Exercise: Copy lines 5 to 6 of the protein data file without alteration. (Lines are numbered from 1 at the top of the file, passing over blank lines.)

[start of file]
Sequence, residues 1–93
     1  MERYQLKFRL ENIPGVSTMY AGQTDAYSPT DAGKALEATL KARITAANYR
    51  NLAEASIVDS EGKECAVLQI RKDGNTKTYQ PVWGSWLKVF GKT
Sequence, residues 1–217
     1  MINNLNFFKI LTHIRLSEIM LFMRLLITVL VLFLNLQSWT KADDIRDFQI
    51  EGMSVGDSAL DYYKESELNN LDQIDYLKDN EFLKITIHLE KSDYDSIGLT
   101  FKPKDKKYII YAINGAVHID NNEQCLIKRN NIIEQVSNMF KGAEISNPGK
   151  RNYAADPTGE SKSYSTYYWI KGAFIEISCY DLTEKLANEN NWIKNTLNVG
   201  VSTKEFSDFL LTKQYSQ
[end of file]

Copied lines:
     1  MINNLNFFKI LTHIRLSEIM LFMRLLITVL VLFLNLQSWT KADDIRDFQI
    51  EGMSVGDSAL DYYKESELNN LDQIDYLKDN EFLKITIHLE KSDYDSIGLT